When an out of control fire threatens hundreds of rare and endangered turtles and tortoises, what should their keepers do? Transport the prized reptiles to the Atascadero City Hall of course.
When the Thomas Fire threatened the Turtle Conservancy facility in Ojai, hundreds of rare and endangered specimens had to be quickly evacuated to avoid a catastrophe. The reptiles include ploughshare tortoises, baby snake-necked turtles, radiated tortoises, golden coin turtles and a nearly 400 pound Galapagos tortoise, which took five strong men to load up.
A caravan of fully loaded trucks headed northbound on 101 to Atascadero, and the unusual guests were unloaded safely at city hall.
The conservancy was able to evacuate the bulk of the animals from the sanctuary, including the most endangered species, but a few remained in ponds that they couldn’t get to in time. Several conservancy employees stayed with the turtles against evacuation orders in hopes of protecting them.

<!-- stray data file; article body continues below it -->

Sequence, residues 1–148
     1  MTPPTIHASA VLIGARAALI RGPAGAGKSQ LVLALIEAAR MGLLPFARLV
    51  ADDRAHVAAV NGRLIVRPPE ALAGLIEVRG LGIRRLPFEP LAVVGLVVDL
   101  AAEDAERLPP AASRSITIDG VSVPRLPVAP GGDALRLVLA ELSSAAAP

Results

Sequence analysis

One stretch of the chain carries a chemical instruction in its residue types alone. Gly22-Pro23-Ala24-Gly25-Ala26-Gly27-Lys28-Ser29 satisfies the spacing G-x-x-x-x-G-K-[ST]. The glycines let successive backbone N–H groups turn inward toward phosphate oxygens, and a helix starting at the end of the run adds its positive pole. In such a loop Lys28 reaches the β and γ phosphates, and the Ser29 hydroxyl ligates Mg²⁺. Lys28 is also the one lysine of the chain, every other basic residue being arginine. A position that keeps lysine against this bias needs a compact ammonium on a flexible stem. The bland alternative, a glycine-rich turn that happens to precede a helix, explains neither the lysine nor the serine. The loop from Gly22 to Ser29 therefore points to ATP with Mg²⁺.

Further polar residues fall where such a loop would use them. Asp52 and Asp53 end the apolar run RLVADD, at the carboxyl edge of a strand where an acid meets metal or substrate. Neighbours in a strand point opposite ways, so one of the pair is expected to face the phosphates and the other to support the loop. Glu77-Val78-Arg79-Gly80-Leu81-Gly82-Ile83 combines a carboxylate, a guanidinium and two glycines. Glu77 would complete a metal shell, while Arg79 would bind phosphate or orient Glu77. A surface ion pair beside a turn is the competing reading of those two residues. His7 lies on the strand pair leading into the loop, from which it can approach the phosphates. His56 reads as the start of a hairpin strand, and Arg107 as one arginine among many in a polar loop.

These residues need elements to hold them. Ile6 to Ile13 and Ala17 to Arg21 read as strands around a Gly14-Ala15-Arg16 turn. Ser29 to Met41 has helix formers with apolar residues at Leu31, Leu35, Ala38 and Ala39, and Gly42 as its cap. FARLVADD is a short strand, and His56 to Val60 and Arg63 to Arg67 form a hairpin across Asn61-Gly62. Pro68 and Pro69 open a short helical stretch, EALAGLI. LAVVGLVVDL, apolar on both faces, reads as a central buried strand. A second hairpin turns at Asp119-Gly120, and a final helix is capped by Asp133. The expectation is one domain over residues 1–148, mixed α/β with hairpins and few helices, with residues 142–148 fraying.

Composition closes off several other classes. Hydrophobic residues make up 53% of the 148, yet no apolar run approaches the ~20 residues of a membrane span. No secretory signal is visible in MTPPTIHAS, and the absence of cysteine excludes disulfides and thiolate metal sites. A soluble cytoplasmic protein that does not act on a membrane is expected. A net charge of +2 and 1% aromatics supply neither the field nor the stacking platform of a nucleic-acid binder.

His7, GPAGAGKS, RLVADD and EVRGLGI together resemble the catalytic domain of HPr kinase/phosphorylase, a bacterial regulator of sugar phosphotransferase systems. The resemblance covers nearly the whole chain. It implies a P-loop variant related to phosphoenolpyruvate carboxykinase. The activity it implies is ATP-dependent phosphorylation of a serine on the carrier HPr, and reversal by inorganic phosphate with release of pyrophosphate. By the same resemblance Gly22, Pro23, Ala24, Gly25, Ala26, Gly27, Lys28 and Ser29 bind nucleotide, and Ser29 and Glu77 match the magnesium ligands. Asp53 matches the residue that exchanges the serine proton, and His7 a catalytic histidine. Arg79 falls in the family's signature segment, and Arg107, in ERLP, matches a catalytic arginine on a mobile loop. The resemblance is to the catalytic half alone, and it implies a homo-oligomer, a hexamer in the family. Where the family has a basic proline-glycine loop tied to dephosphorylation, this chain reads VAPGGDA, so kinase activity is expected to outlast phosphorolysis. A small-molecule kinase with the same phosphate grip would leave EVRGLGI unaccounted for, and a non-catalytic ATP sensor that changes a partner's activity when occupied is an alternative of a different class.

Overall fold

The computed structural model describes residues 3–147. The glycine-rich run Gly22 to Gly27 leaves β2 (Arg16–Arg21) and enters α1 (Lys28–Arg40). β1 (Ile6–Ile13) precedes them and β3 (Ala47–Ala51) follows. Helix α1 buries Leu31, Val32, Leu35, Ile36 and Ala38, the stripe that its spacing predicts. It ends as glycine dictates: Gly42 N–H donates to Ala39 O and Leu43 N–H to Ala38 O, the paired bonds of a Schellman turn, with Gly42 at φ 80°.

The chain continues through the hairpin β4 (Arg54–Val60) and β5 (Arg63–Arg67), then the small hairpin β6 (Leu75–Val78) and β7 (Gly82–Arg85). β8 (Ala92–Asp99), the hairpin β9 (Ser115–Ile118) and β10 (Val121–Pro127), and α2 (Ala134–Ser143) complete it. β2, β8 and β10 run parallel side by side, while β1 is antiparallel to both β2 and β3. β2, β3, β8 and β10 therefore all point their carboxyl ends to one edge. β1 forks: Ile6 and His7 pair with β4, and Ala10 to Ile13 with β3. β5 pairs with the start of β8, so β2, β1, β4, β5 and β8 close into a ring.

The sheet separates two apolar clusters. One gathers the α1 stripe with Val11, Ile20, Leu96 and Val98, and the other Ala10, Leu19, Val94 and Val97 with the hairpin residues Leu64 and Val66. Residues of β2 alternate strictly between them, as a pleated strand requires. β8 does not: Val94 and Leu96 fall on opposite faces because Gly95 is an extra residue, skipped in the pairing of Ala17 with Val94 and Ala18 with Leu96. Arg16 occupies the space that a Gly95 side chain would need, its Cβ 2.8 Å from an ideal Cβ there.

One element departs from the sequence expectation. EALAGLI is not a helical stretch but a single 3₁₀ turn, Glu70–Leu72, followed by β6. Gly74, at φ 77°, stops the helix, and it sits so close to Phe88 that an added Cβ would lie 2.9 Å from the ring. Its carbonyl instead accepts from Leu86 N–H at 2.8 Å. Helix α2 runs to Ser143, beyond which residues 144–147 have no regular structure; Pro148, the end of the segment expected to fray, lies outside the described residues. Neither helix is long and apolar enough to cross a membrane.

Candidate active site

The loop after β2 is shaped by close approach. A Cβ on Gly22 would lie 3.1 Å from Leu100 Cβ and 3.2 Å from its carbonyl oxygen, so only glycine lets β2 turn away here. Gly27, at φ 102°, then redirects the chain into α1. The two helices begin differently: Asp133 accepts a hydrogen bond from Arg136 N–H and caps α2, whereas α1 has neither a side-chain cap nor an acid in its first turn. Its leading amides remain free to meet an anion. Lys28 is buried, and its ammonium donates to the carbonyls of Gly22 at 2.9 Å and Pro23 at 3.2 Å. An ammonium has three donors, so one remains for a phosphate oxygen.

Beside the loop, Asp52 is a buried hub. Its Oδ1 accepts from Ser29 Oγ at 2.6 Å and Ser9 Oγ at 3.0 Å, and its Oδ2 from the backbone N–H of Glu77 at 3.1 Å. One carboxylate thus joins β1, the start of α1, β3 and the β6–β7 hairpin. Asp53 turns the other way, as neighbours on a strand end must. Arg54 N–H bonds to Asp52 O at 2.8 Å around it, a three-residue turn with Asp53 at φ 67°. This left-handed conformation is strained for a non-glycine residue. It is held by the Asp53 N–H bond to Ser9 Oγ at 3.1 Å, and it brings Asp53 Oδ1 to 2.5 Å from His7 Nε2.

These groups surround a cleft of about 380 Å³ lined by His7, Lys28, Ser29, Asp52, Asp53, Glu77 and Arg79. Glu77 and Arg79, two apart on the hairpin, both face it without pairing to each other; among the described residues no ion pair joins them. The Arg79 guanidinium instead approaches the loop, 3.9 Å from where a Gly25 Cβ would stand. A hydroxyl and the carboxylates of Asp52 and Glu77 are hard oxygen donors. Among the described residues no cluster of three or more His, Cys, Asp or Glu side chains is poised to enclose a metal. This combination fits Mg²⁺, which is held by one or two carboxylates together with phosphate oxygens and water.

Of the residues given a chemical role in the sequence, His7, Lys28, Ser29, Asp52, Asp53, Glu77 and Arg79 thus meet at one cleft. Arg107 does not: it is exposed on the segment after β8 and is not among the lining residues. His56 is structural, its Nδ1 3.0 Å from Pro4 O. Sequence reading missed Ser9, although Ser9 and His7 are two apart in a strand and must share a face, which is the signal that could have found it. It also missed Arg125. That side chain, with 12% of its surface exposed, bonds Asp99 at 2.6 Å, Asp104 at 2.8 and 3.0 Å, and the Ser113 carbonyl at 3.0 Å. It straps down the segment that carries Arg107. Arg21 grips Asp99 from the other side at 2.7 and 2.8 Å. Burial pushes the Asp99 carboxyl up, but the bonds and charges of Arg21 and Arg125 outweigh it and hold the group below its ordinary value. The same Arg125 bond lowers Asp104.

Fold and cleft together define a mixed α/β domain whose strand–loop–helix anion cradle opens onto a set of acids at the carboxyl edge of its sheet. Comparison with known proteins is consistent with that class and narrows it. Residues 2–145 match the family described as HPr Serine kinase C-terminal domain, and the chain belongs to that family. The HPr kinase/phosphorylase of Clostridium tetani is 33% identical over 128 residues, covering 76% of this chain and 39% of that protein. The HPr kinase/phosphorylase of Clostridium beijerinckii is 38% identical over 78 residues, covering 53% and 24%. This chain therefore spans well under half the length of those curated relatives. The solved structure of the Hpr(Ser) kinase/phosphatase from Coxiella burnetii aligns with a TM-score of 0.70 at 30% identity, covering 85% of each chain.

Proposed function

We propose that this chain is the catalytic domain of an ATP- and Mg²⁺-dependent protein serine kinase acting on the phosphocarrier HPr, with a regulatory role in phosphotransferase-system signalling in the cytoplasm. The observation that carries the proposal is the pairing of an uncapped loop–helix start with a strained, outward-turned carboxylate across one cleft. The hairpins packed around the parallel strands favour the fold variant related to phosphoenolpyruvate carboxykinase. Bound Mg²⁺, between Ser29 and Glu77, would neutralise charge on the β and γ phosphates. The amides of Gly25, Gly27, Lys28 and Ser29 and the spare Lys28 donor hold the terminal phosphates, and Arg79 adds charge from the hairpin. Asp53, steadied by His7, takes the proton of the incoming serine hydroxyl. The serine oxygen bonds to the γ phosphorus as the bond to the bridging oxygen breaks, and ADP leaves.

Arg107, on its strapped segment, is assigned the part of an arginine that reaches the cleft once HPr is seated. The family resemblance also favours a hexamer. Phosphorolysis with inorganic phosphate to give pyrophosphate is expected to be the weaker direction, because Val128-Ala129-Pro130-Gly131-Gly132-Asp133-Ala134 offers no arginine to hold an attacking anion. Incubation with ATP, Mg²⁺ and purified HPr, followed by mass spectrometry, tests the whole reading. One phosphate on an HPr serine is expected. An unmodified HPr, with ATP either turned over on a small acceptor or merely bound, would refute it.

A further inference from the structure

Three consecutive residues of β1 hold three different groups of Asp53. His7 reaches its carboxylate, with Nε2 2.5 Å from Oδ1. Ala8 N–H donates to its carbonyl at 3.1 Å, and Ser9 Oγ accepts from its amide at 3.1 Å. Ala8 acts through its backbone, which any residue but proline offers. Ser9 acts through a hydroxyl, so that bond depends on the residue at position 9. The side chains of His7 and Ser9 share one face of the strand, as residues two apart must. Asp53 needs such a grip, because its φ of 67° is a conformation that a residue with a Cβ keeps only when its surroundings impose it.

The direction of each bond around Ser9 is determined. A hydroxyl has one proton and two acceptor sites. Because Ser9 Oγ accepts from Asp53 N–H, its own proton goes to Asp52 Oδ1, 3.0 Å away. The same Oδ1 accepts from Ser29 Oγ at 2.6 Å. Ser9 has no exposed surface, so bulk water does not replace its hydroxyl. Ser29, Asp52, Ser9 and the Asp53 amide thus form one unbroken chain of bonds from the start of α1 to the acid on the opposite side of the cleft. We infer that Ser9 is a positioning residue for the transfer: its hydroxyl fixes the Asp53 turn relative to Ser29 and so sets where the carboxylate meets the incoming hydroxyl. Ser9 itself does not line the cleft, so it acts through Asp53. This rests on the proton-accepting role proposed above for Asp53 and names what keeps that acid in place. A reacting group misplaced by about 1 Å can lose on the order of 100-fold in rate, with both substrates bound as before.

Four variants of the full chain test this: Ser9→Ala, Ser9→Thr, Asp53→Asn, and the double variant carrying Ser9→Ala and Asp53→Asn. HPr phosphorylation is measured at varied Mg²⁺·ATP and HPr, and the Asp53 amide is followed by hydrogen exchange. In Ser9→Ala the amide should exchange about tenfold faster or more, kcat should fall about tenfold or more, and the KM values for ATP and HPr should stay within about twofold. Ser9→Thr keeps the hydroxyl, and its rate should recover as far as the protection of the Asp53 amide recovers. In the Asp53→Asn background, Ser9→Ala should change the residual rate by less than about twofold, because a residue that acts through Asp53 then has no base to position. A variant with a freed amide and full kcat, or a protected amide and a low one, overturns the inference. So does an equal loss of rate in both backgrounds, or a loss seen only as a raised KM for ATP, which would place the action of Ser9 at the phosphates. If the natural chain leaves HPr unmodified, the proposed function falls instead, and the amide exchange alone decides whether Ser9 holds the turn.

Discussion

Why Atascadero? The Charles Paddock Zoo is well known as being committed to conservation and in aiding in the long-term research and propagation of turtle and tortoise species through the zoo’s turtle lab, designed specifically for that purpose in the hopes of helping save these animals from extinction.
But the zoo did not have enough heated spaces to temporarily house the reptiles, so the turtles and tortoises were transported to city hall.
As soon as the imminent fire danger near the conservancy facility has passed and the mandatory evacuation orders have been lifted, the city’s unusual guests will be loaded back onto trucks to make the trek home again.